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Comparative genomics reveals the role of transposable elements in the evolution of pathogenicity in fungal pathogens of conifers

Tuan Duong: Forestry and Agricultural Biotechnology Institute (FABI), University of Pretoria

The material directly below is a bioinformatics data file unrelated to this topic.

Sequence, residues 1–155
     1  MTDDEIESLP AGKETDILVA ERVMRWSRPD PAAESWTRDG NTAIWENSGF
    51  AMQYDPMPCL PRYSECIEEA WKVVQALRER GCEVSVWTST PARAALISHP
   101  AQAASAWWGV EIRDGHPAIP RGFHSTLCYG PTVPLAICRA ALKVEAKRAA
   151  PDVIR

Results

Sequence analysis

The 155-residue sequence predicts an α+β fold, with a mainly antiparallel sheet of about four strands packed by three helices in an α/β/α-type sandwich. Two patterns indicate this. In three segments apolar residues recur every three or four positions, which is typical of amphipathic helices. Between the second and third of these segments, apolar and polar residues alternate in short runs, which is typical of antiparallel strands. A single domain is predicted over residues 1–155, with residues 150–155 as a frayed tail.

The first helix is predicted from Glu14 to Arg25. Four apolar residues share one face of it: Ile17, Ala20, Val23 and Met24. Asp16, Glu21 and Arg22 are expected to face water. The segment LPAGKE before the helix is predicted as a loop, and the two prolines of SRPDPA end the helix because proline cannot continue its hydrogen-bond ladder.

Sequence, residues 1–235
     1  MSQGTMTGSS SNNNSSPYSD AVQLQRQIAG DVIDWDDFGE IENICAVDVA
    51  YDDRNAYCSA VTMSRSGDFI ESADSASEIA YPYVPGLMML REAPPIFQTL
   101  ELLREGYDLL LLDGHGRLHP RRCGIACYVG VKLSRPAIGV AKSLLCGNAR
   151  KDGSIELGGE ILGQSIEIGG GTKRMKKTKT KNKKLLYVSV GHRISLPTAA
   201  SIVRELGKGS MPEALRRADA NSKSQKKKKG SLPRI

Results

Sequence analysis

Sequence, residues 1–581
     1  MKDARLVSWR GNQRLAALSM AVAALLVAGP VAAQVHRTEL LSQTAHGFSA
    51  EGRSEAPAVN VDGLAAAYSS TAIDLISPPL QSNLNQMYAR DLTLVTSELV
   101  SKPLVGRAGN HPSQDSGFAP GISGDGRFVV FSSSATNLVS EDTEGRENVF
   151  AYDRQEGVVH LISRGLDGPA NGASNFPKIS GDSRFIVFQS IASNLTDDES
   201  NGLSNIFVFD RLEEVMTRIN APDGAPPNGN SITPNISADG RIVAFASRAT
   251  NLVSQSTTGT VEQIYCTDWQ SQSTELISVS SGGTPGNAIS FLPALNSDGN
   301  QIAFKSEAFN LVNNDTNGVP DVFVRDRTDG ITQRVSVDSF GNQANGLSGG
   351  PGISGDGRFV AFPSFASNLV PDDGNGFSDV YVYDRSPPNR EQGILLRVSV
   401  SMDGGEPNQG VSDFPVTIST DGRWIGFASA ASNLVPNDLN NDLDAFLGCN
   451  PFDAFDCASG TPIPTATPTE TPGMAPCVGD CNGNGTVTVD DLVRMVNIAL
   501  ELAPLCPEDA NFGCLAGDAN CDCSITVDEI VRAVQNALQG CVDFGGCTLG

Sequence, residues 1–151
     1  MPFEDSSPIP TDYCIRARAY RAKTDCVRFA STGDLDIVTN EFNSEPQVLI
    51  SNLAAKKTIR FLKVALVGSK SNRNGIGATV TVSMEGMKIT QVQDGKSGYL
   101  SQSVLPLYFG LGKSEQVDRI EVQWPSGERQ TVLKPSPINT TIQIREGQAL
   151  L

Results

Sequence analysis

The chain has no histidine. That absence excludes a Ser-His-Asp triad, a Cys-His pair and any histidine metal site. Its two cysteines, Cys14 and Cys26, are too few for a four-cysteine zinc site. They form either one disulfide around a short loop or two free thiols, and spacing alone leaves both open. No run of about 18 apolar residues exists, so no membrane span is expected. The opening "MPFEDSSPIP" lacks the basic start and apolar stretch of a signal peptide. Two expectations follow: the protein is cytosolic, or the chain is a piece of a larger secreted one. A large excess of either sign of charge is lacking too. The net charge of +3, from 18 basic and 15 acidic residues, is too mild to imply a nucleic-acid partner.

<div><em>Leptographium wageneri</em> is the causal agent of black stain root disease of conifers. Unlike the majority of other <em>Leptographium</em> spp., this species is a primary pathogen. Three varieties of <em>L. wageneri</em> can be distinguished based on optimal growth temperature in culture, the tree hosts that they infect and isozyme profiles. Nothing is known regarding the genetic determinants of pathogenicity in <em>L. wagneri</em>. To considser this question, we sequenced, annotated and compared the genomes of the three varieties of <em>L. wageneri</em> and the closely related non-pathogenic, <em>L. douglasii</em>. Available genomes of related species, including that of the bark-beetle associated and mildly pathogenic blue-stain fungus <em>Grosmannia clavigera </em>were also included in the analyses. The results showed that all three varieties of <em>L. wageneri</em> had larger genome sizes than the non-pathogenic species. This was as a consequence of the invasion and expansion of transposable elements (TEs). Interestingly, TE invasion has also occurred in <em>G. clavigera</em>, but to a lesser extent than has occurred in <em>L. wageneri</em>. Although gene catalogues were similar between the pathogenic and non-pathogenic species, genes encoding for small secreted proteins were highly diverse in the pathogens. These genes were found to reside in the TE-rich regions of the genomes. Overall, this study highlights the roles of TEs and TE-assisted evolution in the evolution of pathogenicity in the three varieties of <em>L. wageneri</em> and <em>G. clavigera</em>.</div>